I am also a member of Alpha Chi Sigma chemistry fraternity.
Hardest class I took at Michigan was ChE 210. That was the weed out class to end all weed out classes, IME. It almost made me want to quit Chemical Engineering. But I toughed it out and went on to finish my B.S. ChE. As it turned out, my job steered me towards an M.S. MechE and I am now working as an M.E. Go figure...
Reading the posts below mine it would seem that the entire Mgoblog community are engineers.
more chem frat on the blahg?! when did you graduate?
I meant ChE 230, not 210. I guess 16 years of the real world has killed some of my memory cells.
Agreed, 230 was a tough tough class. Especially with the first exam - first ever chemical engineering exam in one hour. That was definitly an experience.
EECS 280 sucked. Worst class out of all the EECS courses, hadns down. It was annoying b/c the professors I had sucked, the autograder sucked, and half the class was filled with nerdy kids with tons of prior programming experience who ruined the curve. Once I submitted a program to the autograder and got a 29/100. I took it to the GSI for advice, and after incorporating his comments, the score dropped to a 9/100. Then I took it to another GSI and a professor (it was team taught), and after their help, it didn't compile any more. I promptly dropped that class, retook it, and (barely) passed.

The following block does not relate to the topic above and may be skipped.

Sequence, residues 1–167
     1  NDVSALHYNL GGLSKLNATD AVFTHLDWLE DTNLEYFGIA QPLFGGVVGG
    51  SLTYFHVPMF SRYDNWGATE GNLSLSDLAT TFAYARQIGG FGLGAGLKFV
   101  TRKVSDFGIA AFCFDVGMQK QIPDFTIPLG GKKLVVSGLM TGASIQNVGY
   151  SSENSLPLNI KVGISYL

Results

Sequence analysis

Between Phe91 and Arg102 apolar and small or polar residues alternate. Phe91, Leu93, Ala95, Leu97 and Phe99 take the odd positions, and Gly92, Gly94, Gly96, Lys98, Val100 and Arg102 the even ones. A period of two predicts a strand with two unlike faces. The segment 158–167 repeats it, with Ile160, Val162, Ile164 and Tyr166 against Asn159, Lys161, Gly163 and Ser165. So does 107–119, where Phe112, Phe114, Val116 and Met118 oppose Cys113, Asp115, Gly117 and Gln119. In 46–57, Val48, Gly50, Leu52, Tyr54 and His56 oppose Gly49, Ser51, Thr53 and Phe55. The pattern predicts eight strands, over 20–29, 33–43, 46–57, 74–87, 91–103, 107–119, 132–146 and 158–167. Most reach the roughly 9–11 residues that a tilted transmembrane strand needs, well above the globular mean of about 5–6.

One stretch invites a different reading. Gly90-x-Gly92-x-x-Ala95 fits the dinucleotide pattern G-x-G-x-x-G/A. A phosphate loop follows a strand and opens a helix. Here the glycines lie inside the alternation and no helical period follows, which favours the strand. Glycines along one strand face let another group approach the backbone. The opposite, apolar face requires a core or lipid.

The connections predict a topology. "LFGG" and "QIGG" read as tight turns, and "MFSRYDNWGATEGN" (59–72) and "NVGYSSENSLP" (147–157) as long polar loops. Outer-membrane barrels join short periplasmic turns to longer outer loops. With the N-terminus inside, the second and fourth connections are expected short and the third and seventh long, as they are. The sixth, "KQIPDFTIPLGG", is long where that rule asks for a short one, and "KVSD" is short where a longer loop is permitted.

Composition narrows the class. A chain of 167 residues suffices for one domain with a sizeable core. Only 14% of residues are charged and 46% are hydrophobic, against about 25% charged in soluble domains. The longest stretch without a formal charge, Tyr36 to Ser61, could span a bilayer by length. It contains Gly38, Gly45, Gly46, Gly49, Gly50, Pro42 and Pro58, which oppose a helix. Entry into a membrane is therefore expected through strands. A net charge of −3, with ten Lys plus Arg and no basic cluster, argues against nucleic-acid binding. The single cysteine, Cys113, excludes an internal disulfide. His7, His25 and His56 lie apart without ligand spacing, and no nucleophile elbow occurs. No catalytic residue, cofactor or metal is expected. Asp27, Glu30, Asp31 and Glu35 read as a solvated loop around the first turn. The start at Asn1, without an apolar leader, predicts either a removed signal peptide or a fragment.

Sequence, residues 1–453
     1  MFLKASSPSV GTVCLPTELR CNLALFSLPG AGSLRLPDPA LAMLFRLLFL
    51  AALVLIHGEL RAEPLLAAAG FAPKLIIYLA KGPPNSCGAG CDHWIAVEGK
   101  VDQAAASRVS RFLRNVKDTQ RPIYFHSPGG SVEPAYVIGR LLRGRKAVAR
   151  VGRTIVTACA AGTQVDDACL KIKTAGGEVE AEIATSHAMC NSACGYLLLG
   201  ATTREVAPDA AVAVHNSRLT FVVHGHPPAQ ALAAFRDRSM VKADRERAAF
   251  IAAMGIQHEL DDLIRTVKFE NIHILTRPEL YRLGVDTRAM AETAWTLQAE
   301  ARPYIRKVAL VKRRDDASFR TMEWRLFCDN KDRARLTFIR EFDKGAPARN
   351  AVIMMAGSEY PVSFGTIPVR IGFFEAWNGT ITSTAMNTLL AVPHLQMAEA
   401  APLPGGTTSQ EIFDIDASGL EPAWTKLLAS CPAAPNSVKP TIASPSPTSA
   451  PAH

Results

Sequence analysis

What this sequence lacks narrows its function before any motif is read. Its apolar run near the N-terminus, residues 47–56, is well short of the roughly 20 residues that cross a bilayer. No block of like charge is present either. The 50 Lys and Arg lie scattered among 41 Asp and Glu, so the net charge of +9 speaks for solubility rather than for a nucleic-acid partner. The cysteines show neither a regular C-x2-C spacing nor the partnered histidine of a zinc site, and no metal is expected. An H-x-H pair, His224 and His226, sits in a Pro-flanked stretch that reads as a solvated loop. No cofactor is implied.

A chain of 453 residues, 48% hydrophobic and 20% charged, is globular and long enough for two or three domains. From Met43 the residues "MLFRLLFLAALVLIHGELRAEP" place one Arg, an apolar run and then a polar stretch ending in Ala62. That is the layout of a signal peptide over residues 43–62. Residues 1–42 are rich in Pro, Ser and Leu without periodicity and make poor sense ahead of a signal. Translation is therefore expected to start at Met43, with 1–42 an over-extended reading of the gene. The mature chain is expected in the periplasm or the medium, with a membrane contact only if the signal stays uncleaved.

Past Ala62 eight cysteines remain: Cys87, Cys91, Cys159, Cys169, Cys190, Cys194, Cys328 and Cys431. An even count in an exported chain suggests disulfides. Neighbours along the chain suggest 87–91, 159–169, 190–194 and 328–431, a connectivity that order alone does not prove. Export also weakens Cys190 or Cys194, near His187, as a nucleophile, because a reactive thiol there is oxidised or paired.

All in all, a lot of classes depended on the professor and the way in which things were taught. For example, I remember Physics 240 being really hard and confusing because the professor and methodology sucked. Then I started the EECS courses and could've blown Physics 240 out of the water. Different way of teaching the same material.